Although shirt printing can refer to t-shirts, it is usually linked to either polo shirts or the classic type of shirt usually worn with a jacket or a suite.
shirt printingIn both cases the shirts tend to be more formal than a t-shirt or a sweatshirt. Because of this the prefered customisation is embroidery or transfer printing. Both of these processes have that simple but ellegant finish that says quality.
The corporate identity has now extended up the business tree to include the white collar worker. It has been quite common for at least the last decade for large corporate companies like Domino’s Pizza to have a uniform for its workers, but now the larger Estate Agents and Banks like to have their company logo on their employees shirt.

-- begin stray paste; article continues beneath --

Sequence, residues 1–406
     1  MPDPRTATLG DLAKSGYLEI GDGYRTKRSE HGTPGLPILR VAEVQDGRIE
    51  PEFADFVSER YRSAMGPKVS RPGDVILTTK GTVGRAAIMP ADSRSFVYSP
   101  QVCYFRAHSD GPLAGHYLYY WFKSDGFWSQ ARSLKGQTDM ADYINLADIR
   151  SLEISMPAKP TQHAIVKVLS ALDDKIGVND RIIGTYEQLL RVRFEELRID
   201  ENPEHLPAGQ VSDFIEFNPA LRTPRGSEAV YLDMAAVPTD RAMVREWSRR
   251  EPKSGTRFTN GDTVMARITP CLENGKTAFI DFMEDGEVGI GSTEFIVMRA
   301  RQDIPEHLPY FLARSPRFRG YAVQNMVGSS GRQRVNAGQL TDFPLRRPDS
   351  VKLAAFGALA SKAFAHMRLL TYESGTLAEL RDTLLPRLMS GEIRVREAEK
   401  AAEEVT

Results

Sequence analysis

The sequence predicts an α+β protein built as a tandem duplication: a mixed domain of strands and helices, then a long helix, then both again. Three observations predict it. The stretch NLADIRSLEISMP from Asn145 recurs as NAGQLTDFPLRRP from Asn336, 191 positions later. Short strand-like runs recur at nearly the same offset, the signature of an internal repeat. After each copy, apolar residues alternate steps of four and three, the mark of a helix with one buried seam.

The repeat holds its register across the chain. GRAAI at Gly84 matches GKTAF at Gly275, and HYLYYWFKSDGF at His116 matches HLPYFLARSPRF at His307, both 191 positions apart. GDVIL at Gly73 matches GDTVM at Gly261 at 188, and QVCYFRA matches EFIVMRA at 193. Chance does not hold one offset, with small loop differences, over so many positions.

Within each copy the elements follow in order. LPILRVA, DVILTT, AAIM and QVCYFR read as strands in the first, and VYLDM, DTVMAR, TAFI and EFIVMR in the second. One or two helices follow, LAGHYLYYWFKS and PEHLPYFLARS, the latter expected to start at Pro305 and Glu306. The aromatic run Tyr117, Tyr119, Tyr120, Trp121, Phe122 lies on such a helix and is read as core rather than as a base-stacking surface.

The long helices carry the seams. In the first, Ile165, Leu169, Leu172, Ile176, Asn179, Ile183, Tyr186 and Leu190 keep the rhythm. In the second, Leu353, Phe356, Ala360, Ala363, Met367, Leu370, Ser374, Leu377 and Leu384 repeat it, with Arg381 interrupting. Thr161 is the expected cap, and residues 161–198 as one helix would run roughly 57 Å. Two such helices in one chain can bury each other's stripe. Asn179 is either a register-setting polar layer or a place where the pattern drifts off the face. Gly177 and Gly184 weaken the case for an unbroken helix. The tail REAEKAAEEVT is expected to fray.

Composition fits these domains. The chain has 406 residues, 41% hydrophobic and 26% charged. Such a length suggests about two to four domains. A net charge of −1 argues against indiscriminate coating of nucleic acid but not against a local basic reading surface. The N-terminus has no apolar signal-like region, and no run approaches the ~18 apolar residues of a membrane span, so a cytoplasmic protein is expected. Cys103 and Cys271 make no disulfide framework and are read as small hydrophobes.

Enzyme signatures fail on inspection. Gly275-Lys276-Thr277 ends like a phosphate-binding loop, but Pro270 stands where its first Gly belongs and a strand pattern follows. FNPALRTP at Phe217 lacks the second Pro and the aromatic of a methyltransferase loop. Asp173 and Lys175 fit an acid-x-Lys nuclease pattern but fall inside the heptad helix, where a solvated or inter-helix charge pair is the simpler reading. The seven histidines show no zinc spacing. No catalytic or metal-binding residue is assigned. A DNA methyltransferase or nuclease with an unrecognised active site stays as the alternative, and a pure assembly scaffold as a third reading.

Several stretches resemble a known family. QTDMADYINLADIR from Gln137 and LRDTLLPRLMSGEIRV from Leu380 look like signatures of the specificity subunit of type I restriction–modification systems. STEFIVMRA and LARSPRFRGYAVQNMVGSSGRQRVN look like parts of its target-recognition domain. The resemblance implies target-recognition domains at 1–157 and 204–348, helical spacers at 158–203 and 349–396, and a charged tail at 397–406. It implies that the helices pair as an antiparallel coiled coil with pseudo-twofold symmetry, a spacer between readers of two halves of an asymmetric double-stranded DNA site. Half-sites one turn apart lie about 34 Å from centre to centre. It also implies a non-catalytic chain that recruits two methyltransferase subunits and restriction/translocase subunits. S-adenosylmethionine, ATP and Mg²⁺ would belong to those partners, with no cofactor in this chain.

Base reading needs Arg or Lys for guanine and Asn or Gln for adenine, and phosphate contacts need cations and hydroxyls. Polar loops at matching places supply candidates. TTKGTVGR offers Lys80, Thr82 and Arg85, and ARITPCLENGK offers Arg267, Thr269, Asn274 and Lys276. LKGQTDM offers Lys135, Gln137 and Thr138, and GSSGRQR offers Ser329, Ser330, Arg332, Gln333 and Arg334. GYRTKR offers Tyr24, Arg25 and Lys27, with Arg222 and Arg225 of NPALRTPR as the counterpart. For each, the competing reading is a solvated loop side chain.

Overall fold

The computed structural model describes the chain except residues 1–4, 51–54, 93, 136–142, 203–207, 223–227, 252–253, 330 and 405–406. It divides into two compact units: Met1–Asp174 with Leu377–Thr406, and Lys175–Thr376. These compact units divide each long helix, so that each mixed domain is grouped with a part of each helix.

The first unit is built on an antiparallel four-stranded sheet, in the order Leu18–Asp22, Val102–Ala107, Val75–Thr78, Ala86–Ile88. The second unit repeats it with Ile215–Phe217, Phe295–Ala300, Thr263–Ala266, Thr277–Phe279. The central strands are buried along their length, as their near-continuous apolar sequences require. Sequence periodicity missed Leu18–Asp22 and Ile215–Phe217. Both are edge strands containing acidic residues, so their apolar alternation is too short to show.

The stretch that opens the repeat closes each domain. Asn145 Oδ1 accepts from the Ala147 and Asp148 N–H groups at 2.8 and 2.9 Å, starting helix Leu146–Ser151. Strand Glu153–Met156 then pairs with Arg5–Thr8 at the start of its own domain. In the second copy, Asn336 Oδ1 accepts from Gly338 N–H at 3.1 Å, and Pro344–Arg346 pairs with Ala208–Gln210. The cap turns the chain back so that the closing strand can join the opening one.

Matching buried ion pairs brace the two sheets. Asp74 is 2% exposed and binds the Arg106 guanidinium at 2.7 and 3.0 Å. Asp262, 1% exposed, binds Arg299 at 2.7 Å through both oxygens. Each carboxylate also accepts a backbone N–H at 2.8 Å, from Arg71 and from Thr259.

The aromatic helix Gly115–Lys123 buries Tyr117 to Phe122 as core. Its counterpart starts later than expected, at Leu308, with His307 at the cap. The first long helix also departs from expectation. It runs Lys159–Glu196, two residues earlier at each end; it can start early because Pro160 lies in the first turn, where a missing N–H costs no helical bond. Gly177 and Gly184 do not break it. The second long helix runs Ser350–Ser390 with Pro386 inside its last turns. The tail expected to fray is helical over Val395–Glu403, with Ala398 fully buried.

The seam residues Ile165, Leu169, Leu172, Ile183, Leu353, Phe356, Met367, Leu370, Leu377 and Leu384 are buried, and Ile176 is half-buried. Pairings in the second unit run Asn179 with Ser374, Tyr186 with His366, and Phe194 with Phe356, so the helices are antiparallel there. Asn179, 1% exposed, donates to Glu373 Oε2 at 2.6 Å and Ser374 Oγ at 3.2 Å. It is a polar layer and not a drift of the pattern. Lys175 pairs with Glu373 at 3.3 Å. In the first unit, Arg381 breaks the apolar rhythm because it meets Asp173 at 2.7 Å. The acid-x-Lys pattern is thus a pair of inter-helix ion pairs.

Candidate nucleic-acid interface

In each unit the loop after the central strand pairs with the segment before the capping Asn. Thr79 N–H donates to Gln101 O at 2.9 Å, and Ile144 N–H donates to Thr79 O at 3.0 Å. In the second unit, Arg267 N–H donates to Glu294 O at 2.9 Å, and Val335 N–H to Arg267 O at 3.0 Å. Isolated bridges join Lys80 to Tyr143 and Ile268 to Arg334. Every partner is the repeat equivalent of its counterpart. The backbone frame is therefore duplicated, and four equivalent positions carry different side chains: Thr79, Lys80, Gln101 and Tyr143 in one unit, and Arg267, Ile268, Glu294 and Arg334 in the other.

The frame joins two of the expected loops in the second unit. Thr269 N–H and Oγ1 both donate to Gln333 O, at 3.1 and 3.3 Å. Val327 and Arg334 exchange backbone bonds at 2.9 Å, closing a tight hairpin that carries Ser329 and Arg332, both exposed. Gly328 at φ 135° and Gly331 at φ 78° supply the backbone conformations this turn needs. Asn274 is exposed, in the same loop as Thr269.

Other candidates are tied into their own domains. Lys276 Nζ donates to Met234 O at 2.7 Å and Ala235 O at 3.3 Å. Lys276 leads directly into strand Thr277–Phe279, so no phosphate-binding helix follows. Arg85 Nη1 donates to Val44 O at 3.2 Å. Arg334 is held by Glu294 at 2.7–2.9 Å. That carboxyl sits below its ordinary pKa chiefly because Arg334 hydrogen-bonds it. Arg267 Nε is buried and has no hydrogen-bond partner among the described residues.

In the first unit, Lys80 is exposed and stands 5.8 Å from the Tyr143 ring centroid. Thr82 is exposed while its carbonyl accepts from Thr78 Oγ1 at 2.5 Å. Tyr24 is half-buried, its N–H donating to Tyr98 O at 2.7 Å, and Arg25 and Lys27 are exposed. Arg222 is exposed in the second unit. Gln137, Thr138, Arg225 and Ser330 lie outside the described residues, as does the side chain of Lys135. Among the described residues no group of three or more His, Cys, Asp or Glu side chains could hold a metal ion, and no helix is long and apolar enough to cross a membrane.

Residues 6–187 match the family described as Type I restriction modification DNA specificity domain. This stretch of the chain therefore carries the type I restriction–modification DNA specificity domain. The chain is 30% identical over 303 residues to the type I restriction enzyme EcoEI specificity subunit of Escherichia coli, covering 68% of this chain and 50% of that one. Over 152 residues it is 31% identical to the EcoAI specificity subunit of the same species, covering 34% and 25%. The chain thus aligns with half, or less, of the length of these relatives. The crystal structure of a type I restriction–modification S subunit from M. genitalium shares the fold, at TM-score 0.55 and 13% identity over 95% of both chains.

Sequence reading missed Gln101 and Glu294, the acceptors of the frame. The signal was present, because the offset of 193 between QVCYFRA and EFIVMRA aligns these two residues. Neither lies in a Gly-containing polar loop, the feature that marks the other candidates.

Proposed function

The logo is usually positioned on the front left breast pocket of the shirt and is normally below 10cm in width. The bonus for the staff is they do not have to pay for the clothes they go to work in. The company ensures a uniformed level of staff dress.
As soon as companies grow larger than 50 employees, they can start using screenprinting. The great advantage for larger companies as usual, is economy of scale. With screen printing there are high to setup charges, but as long as you have over 50 uniforms to print, the unit cost, after the screens have been paid for, is very low.
There are other positions, on a formal shirt, that you can put your company logo. The shoulder is a very popular position and the collar is another favourite, with some companies.
Because of shirts tend to be much more expensive than either T-shirts or polo shirts, the preferred method of decoration is embroidery, because of its quality feel and appearance.